And “our” is paramount. And where Protestantism runs into trouble. There can be no shared rule of life, for “how dare you tell me what to do,” and where then, a participatory soteriological ascetical theology breaks down. For such a theology is necessarily communal in the One Lord Jesus Christ. What then is lost is means testing over the long haul, for after all we learn new things AND we encounter Sin in changed form, requiring adjustments to our way of life together. Hooker does this similarly be means testing natural law with a common law approach. And what is lost is a shared way of living together that is not about earning salvation but living out of salvation not just pro me or pro nobis but pro mundis.

And in our time poverty and ecological devastation cannot be ignored as how Sin is at work among us. So too, then, must be our shared patterned gospel response.

Which gets us to criticisms lobbed at those who appropriate portions of Celtic Christian spiritualities in a middle class comfortable way. Now, parts of the Celtic traditions run in the familial traditions in my veins. An abiding sense of the aliveness of creation, for example, in which rocks and hills and mountains are not inert but mineral creations of Love meant too to have a name. Rocks sing. I believe this. Or that a raven may speak a word. Yes, I believe this, too. In fact, it is because of God’s Other Book as proclamation of God’s goodness that I as a gay man did not lose my faith when treated harshly by the Church. And so, my own faith cannot divorce the Incarnation from the Creation.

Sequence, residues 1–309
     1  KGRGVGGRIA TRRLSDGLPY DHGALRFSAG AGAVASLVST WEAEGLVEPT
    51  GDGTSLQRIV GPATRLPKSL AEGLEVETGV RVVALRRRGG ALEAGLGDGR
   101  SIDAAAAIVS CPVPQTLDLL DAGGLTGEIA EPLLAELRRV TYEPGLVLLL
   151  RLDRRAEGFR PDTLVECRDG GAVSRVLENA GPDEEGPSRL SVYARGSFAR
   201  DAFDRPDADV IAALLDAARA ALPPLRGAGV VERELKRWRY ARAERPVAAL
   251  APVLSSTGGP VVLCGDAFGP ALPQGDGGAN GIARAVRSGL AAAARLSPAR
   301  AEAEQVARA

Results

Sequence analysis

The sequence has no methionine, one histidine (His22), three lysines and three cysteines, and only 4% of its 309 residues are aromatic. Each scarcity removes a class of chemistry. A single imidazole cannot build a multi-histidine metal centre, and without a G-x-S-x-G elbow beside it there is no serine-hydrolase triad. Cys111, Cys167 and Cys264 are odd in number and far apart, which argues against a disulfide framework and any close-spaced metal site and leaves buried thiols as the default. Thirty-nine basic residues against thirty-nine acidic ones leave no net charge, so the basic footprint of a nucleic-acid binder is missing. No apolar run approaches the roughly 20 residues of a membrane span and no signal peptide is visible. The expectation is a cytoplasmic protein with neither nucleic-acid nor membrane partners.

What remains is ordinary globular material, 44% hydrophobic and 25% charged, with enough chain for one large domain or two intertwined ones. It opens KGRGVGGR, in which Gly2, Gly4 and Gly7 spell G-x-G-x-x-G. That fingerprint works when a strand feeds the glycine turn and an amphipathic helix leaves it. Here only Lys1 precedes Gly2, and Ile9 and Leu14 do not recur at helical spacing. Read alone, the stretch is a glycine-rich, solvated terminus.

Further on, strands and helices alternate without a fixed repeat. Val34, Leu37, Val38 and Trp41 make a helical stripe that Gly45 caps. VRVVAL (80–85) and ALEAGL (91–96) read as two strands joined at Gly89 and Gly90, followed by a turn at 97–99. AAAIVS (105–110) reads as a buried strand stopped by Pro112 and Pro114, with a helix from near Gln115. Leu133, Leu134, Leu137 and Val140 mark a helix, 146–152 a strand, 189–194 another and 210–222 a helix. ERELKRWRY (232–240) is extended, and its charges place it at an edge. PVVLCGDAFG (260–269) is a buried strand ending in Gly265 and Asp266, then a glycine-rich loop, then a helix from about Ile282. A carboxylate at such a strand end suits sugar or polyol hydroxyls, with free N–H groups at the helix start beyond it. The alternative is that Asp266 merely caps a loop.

What goes lacking in middle class appropriations is a participatory Christocentric Trinitarianism (read Celtic prayers and you will be struck by their Christ-Trinity focus) and a shared ascetical outlook that is meant to call us to and hold us in harmony, and has extremists, who mind us to our own living and remind us of our utter dependence on God and interdependence on one another and all of creation. Extremists, or elders, however, while always reminding the community to itself should not be confused with the bulk of participants, who nevertheless, lived an outlook based in a prayerful way of life. And hence, we have been bequeathed numerous prayers and prayer-poems and runes of precisely this sort that are common praying.